The Texas A&M University, Institute of Nautical Archaeology and Lake Champlain Maritime Museum (LCMM) crew is back to work for a third season at the Shelburne Shipyard in Lake Champlain, Vermont. The Shelburne Shipyard Project is an ongoing project co-directed by Dr. Kevin Crisman and Carolyn Kennedy (me) since 2013, its first field season taking place in June of 2014. Each year, Crisman and Kennedy have brought a team of nautical archaeology students from Texas to Vermont to record shipwrecks in the natural harbor at the northern end of Shelburne Point that was chosen as the shipyard location for early Lake Champlain passenger steamboat companies due to its natural protection from the prevailing winds on the lake (Fig. 1).
A working shipyard for 196 years (and counting), Shelburne Shipyard was first purchased for shipbuilding purposes by the Lake Champlain Steamboat Company in 1820. Between them and the Champlain Transportation Company, most of Lake Champlain’s passenger steamboats were built at this location, and a large number of them were retired in the older part of the shipyard once they had outlived their usefulness (Fig. 2).
Among those that were retired in the Shipyard are the four steamer wrecks our crew investigated in 2014 and 2015. We believe these wrecks to be the remains of the steamboats A. Williams (1870), Phoenix II (1820), Burlington (1837) and Whitehall (1838) (Fig. 3).
This year, the objective is to record cross section information from Wreck 2, or Phoenix II, in order to reconstruct what the steamer hull most likely looked like when it was retired in 1837. Wreck 2 has gone through several identity crises since the beginning of this project back in 2013, first thought to be either Franklin (1827) based on historical sources, then Winooski (1832), based on the length: the wreck was 133 feet long and Winooski was 136 feet long. Last year, when Dr. Crisman and I began recording sections, we realized the beam of the wreck at over 25 feet was much too large to fit the 20-1/2-foot beam of Winooski. After this realization, I spent the summer reading historical documents that might provide any clue to the identity of Wreck 2. Finally after much searching I found an enrollment paper for Phoenix II indicating the length was 143 feet, instead of the historically reported 150 feet found in the more ‘popular’ publications, making this steamer, with its beam of 27 feet, the most likely candidate for the identity of Wreck 2 (Fig. 4). It certainly didn’t hurt that Wreck 2 bore a remarkable resemblance to the wreck of Phoenix I (Fig. 5)!!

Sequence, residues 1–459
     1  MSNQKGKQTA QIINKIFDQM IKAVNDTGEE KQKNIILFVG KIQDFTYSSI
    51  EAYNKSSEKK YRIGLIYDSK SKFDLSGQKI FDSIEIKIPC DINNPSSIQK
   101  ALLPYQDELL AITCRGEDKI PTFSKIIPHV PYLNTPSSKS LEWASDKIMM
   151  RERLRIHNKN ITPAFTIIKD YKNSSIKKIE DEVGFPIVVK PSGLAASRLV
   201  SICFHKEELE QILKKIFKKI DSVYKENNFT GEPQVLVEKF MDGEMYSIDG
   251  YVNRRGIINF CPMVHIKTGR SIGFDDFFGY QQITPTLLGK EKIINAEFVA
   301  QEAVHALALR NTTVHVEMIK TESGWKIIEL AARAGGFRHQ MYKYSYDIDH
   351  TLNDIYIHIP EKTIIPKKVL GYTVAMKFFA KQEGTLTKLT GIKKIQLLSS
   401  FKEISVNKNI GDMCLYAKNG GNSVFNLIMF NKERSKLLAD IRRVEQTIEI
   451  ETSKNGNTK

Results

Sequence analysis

Wreck 2, now believed to be the remains of Phoenix II, is an incredibly important archaeological site for several reasons. First of all, our knowledge of early steamboat construction is limited due to spotty historical documentation, and therefore the information we can glean from the archaeological evidence is some of the only information available for the time period between 1810 and 1850. Secondly, this wreck is a historically important, though rather grim, part of North American history, as it was the death-place of the first fatal cholera victim, a man named John Larned, on June 15, 1832. Larned boarded Phoenix II in St.-Jean-sur-Richelieu on June 14, 1832, after visiting a cholera hospital in Montreal, and 15 hours later, when the steamer arrived at its destination in Whitehall, New York, he was dying. This was all recorded in the diary of Captain Gideon Lathrop, master of the Phoenix II (Fig. 6).
After Larned passed, nearly 150 people fell victim to the disease in the town of Whitehall, and the bacteria continued to travel south along the canals and waterways to New York City, where thousands died tragically over the course of the summer. Phoenix II, therefore, is responsible for bringing cholera into the United States, changing history forever.
The work we’re doing in Shelburne Shipyard is intended to call attention to the important role Lake Champlain’s steamboats had on early North American history, not only for the important events they were involved in, but how they themselves are examples of the changing technologies that are representative of and helped bring about the industrial revolution.
As we continue recording these wrecks, we would like to share with you some of the less scholarly, but more day-to-day aspects of this archaeological project. We are incredibly fortunate to have such a logistically easy and aesthetically beautiful working place, with great thanks to Mark Brooks and Charlie Tompkins for letting us stage our 12-14 person crew off their front yards (Fig. 7)!
The shale beach and shallow site, paired with the naturally protected harbor make diving a breeze – with 2-hour bottom times and minimal weather hazards our crew can get a lot of work done in a day.
For the most part, this wreck is an easy archaeological job. Most of it is exposed above the lake bottom, fairly well-preserved thanks to Lake Champlain’s cold, fresh water. Unfortunately for Chris Sabick, the LCMM’s archaeological director, the lower part of the wreck’s stern has disappeared behind tightly-packed clay. As it turns out, even underwater archaeologists should always keep a trowel handy (Fig. 8)!